Thomas E. Ricks: The Two Things Rumsfeld and I Agree On
I think Donald Rumsfeld was the worst defense secretary ever, and that I've written a whole book about the American military fiasco in Iraq 2003-06 in which he played a major role. So rather than review the arguments against him, I thought it might be more interesting to write about a couple of places in his book where I actually agree with him.
Most notably, I think that the former defense secretary is correct to say that it wasn't just the Bush administration that screwed up in Iraq, and that the U.S. military also must be assigned a big share of the blame. He is particularly interesting on the decision during the summer of 2003 to put Lt. Gen. Ricardo Sanchez in charge of the U.S. military in Iraq, a move he now calls "inexplicable." He continues:
Whatever the rationale behind the decision, it later became clear that Sanchez had been put in a terrible position. The [assignment] ... called for a senior military official with far more experience. That the Army leadership, with the agreement or acquiescence of CENTCOM and the Joint Staff, slotted him for the top command post was a serious misassessment....
I do not recall being made aware of the Army's decision to move General Sanchez into the top position.... To my recollection, the chief of staff of the Army and CENTCOM leadership did not bring the relevant plans to my attention.
I am not one who thinks that if only the Army had been given more troops in Iraq, everything would have worked out more or less OK. Given the lousy planning and poor leadership displayed, I think that if you had another 100,000 U.S. soldiers, you would have had more problems of the sort we saw, with the Army flailing around conducting huge, unproductive, disruptive "sweeps" and the subsequent widespread abuse of detainees. That didn't happen because of lack of troops, but because commanders did not know what to do with the troops they had, especially when it came to interacting with Iraqis.
Another point Rumsfeld is right about is that that he should have stepped down after the Abu Ghraib scandal emerged in 2004. "More than anything else I have failed to do, and even amid my pride in the many important things we did accomplish, I regret that I did not leave at that point." After that point, he was indeed damaged goods.
Both his correct observations point to a larger flaw in the man, one that generally is not understood by people who only saw him on television. That is, as defense secretary, he was extraordinarily passive. He blustered a lot, but in actually making decisions, especially about personnel picks, he was slow to a fault. Just look at those paragraphs above about finding out that Gen. Sanchez was being put in charge in Iraq. Kind of makes you wonder just who was holding the top job at the Pentagon, and why he wasn't more proactively curious about major decisions being made about Iraq.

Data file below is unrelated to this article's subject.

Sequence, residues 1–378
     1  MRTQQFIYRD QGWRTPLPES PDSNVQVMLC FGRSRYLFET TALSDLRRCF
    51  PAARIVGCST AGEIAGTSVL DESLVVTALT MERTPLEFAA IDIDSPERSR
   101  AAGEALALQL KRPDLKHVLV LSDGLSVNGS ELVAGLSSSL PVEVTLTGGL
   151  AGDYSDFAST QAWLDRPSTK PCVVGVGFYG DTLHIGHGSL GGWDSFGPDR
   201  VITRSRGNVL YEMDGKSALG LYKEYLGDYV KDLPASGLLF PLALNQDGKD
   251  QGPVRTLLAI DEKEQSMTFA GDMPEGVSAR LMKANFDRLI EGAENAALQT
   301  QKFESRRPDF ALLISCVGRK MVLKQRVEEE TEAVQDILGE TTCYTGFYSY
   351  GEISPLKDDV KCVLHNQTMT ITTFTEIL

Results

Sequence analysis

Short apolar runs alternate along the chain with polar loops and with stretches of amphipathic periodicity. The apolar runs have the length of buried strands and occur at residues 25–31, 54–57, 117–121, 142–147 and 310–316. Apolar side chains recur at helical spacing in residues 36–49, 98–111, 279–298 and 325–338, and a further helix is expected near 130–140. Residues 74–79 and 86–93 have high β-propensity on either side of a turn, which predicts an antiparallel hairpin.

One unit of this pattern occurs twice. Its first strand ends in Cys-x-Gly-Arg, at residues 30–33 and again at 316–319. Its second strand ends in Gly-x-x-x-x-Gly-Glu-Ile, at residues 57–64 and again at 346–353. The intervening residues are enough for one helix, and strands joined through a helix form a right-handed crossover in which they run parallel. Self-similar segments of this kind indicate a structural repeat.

Likewise, throughout 2006, as central Iraq was engaged in a bloody civil war and most of Baghdad was ethnically cleansed, Rumsfeld dithered. He tells us now that he was worried about Generals John Abizaid and George Casey, the two top commanders in the war, but did he do anything about them? Nope. (He argues in the book that things were improving in Iraq because the Anbar Awakening got underway late that year, but that was no thanks to him, nor anyone else above the rank of brigadier general at the time, and there is no evidence that the province's awakening would have been sustained without the major policy changes -- most notably General Petraeus's decision to put the Sunni insurgency on the American payroll -- that followed after Rumsfeld, Abizaid, and Casey were booted.)
Rumsfeld, in retrospect, embodied the opposite of the old Teddy Roosevelt maxim: He spoke loudly and carried a small stick. He continues to do that in this strikingly dull book, which might better be called Not My Fault. Here's my scorecard of events and who he blames:
Tora Bora and bin Laden's escape Gen. Tommy Franks, maybe CIA
No WMD in Iraq? Well, Colin Powell gave the U.N. speech
Lousy postwar planning for Iraq Structure of U.S. government
Iraq problems, mid-2003 Gen. David McKiernan
Iraq problems, 2003-04 L. Paul Bremer
Iraq problems, 2004-05 Condi Rice
Iraq problems, 2006 Rice, Gen. John Abizaid, Gen. George Casey
Critical media coverage throughout Richard Armitage
To me, one proof of Rumsfeld's flaws is that not long after he left, the situation in Iraq turned around and Afghanistan was no longer neglected. Robert Gates arguably has been tougher on the military than was Rumsfeld, and certainly has fired more people. More importantly, he asks better questions. But he speaks softly and acts quickly, and that has given a relieved military the sense that it is being led by an adult.